Sandy's Tunic by Lily Bird Studio

Today we have a classic look for you with some fun details. Sandy's Tunic from Lily Bird Studio has some great details that take a little extra time, but wander away from the ruffles and gathers that are the norm in girls' patterns. Keep reading to see what Crystal and Rachel have to say about this sweet Spring and Summer look. Then, if you're wanting to shop, use code PRSANDY 25% off until April 15th for this pattern only on the Lily Bird Studio website. 

Hello Pattern Revolution Readers! It is Crystal, from Stitched by Crystal,  I had the pleasure of sewing up the Sandy’s Tunic by Lily Bird Studio and I am here today to share my review of the pattern with you!  

This was the first Lily Bird Studio pattern I have sewn and I am impressed!  I love the classic style and the pattern was professional and easy to follow.  The PDF has clear step by step instructions and photos to illustrate each step. I must say, this pattern has the best instruction photos I have ever seen!  They are large photographs taken of each step in contrasting fabrics on a crisp white background, they don’t ever leave you scratching your head while you are sewing!

The pattern has three sleeve lengths, the long and ¾ lengths have optional elastic wrist cuffs, and the short sleeves have some cute little ties.  The top features a front yoke with pintucks and a button closure and a plain yoke in the back.  I would say this is an intermediate pattern because of the pintucks and binding, but the pattern really walks you through every single step and even includes some additional instruction at the end on making your own bias tape and adding snap fasteners to the front, an adventurous beginner might be able to take this on.

You may be thinking “I thought this was a tunic, it looks like a dress”.  I sewed up the 24 months size for my 2 year old and found it to be a little long.  The pattern does include a finished length chart (which I didn’t check before sewing!) so make sure you check that before getting started.  I personally love the retro length dress I ended up with!  I also found it to be a bit of a slimmer fit than other patterns I have been sewing for her recently, and the ¼” seam allowance leaves little room to let it out.  But, I think this cute dress will fit her through most of the summer and I know there will be several more of these in her future, along with some other Lily Bird Studio patterns I am itching to try… like maybe this dress...or this one...or these shorts!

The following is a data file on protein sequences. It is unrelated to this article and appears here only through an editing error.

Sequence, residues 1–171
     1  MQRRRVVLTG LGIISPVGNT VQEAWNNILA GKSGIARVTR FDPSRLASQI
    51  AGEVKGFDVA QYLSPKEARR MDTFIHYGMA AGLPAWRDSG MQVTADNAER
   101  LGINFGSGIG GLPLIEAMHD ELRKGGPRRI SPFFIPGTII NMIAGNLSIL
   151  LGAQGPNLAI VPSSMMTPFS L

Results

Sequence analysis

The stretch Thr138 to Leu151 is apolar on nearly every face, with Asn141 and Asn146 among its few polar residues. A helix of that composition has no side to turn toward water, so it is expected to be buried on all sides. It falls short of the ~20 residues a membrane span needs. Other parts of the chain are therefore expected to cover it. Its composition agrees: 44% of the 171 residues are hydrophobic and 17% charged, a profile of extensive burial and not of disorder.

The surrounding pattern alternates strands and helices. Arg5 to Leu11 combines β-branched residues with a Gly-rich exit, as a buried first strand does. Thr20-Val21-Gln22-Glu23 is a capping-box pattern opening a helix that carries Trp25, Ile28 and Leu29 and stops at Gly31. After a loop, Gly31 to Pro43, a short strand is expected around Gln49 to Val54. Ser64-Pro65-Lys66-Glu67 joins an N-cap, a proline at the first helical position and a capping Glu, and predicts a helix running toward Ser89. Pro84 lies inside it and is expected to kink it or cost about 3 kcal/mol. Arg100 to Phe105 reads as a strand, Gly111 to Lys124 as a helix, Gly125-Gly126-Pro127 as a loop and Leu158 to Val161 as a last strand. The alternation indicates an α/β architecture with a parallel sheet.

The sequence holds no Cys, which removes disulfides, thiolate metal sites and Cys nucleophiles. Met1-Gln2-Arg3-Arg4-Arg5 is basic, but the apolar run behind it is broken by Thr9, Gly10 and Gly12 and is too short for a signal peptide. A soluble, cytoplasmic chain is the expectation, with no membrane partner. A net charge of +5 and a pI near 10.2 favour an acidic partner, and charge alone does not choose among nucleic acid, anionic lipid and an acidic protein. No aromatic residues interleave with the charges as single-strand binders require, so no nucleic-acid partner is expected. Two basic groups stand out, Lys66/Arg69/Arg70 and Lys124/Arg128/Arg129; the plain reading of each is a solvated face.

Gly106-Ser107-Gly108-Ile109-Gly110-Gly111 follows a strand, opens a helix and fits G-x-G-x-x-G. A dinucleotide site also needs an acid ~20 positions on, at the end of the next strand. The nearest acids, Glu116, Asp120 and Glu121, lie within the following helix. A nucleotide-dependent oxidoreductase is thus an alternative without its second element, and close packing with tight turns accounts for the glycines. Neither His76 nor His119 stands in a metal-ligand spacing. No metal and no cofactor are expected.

I’ve found that the more I sew for my kids’ wardrobes, the easier it is to start to get into a bit of a rut. I end up sewing their favorite items, over and over again. Next thing I know, my son has a drawer full of raglan tees and my daughter has a closet full of leggings and knit dresses. So one of my goals for this spring has been to try out some new patterns and bring more wovens back into my daughter’s closet. Sandy’s Tunic from Lily Bird Studio was perfect for this - and since my girl could still style it with her beloved leggings, it was an easy sell. Hey, a tunic is just a really, really short dress, right? ;)

I sewed up the ¾ sleeve option, and based on the detailed measurement charts (body measurements AND finished garment measurements are included in the pattern) I opted to sew a size 4 with the length from the size 5 tunic. It was a perfect fit! I get a little nervous when sewing wovens since there’s less wiggle room for sizing, but this was spot on.

My favorite part of the pattern is the pintucked bodice - it is such a sweet detail, and the instructions included in the pattern are fantastic. This would be a great pattern to use if you’re doing pintucks for the first time. I also loved the way the bias trim was added to the collar, and the pattern includes a well-written and illustrated tutorial for making your own bias tape if you’re new to that, too. My daughter really liked this, so I’m sure I’ll be sewing up a short-sleeved version for summer. In the meantime, this is perfect for the transitional weather we’re having now - spring is trying so hard to arrive here, but it hasn’t completely made it yet!

Until next time,